There are nine tracks on disc one of Marshall Allen Presents Sun Ra and His Arkestra-In The Orbit Of  Sun Ra. They’re taken from throughout Sun Ra’s career. The eleven tracks show how Sun Ra’s music evolved from his 1956 debut album Jazz By Sun Ra. What follows is a compelling musical journey.

Opening Marshall Allen Presents Sun Ra and His Arkestra-In The Orbit Of Sun Ra is Somewhere In Space. It’s a track from Interstellar Low Ways, which was released in 1966. Given its innovative sound, it’s hard to believe Somewhere In Space was recorded in 1966. It wasn’t. Interstellar Low Ways were originally recorded between 1959 and 1960. Between thirty and forty songs were recorded. The best became Interstellar Low Ways. Somewhere In Space is one of album’s highlights and showcases a musical pioneer as his musical career takes off.

The Lady With The Golden Stockings (The Golden Lady) is a track by Sun Ra And His Solar-Myth Arkestra. It featured on the 1960 album The Nubians Of Plutonia which was released on Sun Ra’s Saturn Records. There’s a change in sound on The Nubians Of Plutonia. That’s apparent on The Lady With The Golden Stockings (The Golden Lady). There’s a looser and much more abstract sound. Percussion plays a more important part as Sun Ra fuses elements of free jazz, blues and African music. This results in a coming of age from a musical alchemist.

Somebody Else’s World featured on Sun Ra and His Astro Afinity Arkestra’s 1970 album My Brother The Wind Volume II. Originally, it was released on Sun Ra’s Saturn Records. As the new decade dawns, Sun Ra becomes a musical alchemist. Accompanied by the classic lineup of tyne Arkestra, they produce a genre melting track. Elements of Afro-beat, avant garde, experimental, free jazz and soul jazz melt into one. 

Spontaneous Simplicity is a track from Sun Ra and His Arkestra’s 1971 album, Pictures Of Infinity. It’s has an understated, wistful sound. A flute and percussion combine while the rhythm section and piano provide a subtle heartbeat. Gradually, the arrangement’s secrets and subtleties unfold. Sun Ra And His Solar-Myth Arkestra take you on a mystical, magical and beautiful musical adventure.

Angels And Demons At Play was the title-track from The Sun Ra Arkestra’s 1967 album. Released on El Saturn Records, it’s a captivating fusion of percussive delights, free jazz and hard bop. Sometimes, the track borders on avant garde as Sun Ra pushes musical boundaries to their limits, and sometimes, beyond.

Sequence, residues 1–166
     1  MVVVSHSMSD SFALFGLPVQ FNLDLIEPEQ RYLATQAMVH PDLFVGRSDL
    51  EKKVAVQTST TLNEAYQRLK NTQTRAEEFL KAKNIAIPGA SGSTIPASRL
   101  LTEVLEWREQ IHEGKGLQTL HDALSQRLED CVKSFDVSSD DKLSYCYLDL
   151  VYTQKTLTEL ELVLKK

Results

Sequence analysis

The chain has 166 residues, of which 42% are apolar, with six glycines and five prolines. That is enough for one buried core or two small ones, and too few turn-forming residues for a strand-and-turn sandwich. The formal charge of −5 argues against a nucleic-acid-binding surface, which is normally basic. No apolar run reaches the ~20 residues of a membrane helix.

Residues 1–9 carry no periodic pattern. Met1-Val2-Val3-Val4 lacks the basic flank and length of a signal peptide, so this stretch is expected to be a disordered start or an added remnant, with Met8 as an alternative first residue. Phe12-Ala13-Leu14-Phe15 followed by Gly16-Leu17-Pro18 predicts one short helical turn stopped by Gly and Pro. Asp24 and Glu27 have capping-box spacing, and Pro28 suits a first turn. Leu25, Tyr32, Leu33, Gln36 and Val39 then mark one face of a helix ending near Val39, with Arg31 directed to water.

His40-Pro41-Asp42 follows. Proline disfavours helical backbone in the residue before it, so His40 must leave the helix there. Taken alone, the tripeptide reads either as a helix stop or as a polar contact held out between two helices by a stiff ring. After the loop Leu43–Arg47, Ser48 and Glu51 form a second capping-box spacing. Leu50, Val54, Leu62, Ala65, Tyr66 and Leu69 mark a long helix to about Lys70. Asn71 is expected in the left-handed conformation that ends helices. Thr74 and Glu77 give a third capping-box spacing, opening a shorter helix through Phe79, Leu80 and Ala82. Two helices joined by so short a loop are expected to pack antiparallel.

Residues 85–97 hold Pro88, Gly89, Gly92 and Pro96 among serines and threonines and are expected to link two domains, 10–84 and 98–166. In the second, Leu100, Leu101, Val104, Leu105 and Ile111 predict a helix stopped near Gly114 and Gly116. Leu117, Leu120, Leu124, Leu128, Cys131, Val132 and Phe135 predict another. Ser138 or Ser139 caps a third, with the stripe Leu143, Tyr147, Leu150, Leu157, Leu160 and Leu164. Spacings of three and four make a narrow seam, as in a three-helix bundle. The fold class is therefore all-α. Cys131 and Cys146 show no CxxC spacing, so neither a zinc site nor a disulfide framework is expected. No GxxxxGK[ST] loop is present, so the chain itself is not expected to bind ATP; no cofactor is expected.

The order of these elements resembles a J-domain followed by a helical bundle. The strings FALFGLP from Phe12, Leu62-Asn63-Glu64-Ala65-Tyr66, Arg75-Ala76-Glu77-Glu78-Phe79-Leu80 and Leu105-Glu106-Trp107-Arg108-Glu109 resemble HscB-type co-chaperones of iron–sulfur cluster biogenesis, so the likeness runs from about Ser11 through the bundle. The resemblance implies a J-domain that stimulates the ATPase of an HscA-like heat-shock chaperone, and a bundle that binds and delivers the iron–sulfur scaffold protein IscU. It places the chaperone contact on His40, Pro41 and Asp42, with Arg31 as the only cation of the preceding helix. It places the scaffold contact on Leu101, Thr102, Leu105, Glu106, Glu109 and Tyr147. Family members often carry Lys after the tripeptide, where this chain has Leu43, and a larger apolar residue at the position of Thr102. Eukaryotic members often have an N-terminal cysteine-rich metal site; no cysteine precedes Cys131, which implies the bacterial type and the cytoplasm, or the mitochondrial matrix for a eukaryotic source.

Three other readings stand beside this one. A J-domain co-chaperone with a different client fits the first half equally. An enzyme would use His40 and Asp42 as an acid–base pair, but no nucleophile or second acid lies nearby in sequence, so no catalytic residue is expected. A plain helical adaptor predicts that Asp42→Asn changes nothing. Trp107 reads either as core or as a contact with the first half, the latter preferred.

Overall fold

In 1965, Sun Ra and His Solar Arkestra released Secrets Of The Sun. One of its highlights, was Solar Differentials which closes Marshall Allen Presents Sun Ra and His Arkestra-In The Orbit Of Sun Ra. Sun Ra dawns the role of musical adventurer and combines avant garde, free jazz and his own brand of space age jazz on the piano lead Solar Differentials. It represents Sun Ra at his most innovative and adventurous, as he tries to open the doors of perception.

Disc Two.

Disc two of Marshall Allen Presents Sun Ra and His Arkestra-In The Orbit Of Sun Ra features a total of eleven tracks. They were chosen by Art Yard, one of Sun Ra’s most trusted and loyal lieutenants in the Arkestra. He’s chosen well on disc two. There’s a mixture of familiar tracks and some hidden gems.

Astro Black was the title-track of Sun Ra’s 1973 album. It was recorded at El Saturn Studio, Chicago, Illinois, May 7, 1972. Released in 1973, it sees Sun Ra experiment with synths and electronic vibes. This gives a hint of what’s to come. The music is left-field and experimental. Free jazz, soul and Sun Ra’s unique brand of space age jazz is combined with elements of classical and soul. The soul comes courtesy of June Tyson, while the Arkestra create a futuristic, experimental and groundbreaking epic track.

There’s two live tracks on disc two. The first is Dance Of The Cosmo-Aliens, which was recorded in Milan in 1978. This is a track from his Disco 3000 album, which was released in 1978 ,on El Saturn Records. Just like Trying To Put The Blame On Me, which was recorded in Paris in 1977, this showcases just how talented and inventive Sun Ra and His Arkestra were. They were a well drilled band. Sun Ra was a demanding bandleader, who put his band through lengthy practice sessions. This paid off. Each night, Sun Ra expected and demanded his band to be at the peak of their powers each night. That’s the case on these nights in Milan and Paris.